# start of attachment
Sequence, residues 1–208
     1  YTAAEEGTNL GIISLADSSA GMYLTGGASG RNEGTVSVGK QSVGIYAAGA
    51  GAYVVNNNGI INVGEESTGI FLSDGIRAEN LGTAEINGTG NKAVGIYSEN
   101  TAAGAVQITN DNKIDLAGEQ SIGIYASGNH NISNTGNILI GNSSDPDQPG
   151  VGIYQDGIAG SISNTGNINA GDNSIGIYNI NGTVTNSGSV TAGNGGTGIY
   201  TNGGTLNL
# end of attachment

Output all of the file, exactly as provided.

Sequence, residues 1–208
     1  YTAAEEGTNL GIISLADSSA GMYLTGGASG RNEGTVSVGK QSVGIYAAGA
    51  GAYVVNNNGI INVGEESTGI FLSDGIRAEN LGTAEINGTG NKAVGIYSEN
   101  TAAGAVQITN DNKIDLAGEQ SIGIYASGNH NISNTGNILI GNSSDPDQPG
   151  VGIYQDGIAG SISNTGNINA GDNSIGIYNI NGTVTNSGSV TAGNGGTGIY
   201  TNGGTLNL